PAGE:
Creative reporting
about the Vatican and sex abuse seems to have been reduced to a single obsession:
find a document about an abusive priest with Joseph Ratzinger’s signature on it.
However, Pat Wingert, at Newsweek, had the bright idea of asking insurance
companies
whether premiums for indemnity against sex abuse were higher for
Catholic institutions. Arguments can be deceitful; statistics can be
manipulated; but no one is going to monkey with insurance risk. “We don’t see vast difference in the incidence rate between one
denomination and another,” says an insurer. “It’s pretty even across
the denominations.” This is a very telling insight.

Since the mid-1980s, insurance companies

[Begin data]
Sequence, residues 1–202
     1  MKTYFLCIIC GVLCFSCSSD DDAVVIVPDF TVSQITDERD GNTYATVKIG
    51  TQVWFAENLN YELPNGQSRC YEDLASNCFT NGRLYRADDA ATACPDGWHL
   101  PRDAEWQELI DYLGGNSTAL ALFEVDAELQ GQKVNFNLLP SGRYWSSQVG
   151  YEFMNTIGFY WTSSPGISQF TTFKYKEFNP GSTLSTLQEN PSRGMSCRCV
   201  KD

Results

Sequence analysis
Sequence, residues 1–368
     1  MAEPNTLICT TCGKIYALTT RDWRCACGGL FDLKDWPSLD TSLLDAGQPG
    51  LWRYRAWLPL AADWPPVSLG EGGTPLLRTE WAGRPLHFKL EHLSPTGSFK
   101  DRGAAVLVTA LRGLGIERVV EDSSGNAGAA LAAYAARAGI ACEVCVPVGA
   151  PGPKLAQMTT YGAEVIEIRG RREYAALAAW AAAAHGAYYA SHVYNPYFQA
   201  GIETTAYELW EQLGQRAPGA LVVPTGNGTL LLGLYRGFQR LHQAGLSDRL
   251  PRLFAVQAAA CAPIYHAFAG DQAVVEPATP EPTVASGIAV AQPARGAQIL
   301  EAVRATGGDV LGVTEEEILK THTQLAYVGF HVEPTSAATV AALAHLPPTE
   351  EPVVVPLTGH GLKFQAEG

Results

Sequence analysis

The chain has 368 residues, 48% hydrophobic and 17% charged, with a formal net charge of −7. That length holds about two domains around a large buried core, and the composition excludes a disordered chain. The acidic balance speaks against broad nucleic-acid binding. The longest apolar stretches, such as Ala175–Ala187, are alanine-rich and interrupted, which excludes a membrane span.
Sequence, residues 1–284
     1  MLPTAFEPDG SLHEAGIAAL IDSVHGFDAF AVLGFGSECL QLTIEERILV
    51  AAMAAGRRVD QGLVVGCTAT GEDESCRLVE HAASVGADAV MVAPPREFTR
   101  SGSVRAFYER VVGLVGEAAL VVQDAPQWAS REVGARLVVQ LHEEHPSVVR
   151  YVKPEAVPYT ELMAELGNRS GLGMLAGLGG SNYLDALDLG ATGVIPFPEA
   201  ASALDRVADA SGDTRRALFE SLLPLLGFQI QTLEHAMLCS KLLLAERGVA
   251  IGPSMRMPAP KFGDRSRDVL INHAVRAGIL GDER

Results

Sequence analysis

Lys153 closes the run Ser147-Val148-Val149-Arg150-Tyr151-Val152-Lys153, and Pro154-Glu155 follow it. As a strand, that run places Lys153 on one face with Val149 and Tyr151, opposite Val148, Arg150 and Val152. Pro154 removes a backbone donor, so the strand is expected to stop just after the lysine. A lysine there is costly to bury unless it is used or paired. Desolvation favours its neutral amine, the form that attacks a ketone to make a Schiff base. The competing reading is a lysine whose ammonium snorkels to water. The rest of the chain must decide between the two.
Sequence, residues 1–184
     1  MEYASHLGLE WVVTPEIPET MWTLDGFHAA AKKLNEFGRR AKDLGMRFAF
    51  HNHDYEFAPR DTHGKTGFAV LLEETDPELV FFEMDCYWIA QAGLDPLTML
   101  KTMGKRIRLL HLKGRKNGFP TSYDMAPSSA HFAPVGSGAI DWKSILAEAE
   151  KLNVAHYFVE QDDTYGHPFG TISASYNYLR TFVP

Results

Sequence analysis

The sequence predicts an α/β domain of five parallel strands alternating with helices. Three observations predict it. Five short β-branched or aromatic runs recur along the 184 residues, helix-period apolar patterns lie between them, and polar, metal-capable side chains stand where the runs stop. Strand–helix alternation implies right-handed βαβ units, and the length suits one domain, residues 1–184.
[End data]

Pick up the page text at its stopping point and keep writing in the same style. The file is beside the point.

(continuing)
have offered sexual misconduct coverage as a rider on liability insurance, and
their own studies indicate that Catholic churches are not higher risk than
other congregations. Insurance companies that cover all denominations, such as
Guide One Center for Risk Management, which has more than 40,000 church
clients, does not charge Catholic churches higher premiums. “We don’t see
vast difference in the incidence rate between one denomination and
another,” says Sarah Buckley, assistant vice president of corporate
communications. “It’s pretty even across the denominations.” It’s
been that way for decades.

While the company saw an uptick in these
claims by all types of churches around the time of the 2002 U.S. Catholic
sex-abuse scandal, Eric Spacick, Guide One’s senior church-risk manager, says
“it’s been pretty steady since.” On average, the company says 80
percent of the sexual misconduct claims they get from all denominations involve
sexual abuse of children. As a result, the more children’s programs a church
has, the more expensive its insurance, officials at Guide One said.

 

Michael Cook

Michael Cook is the editor of MercatorNet.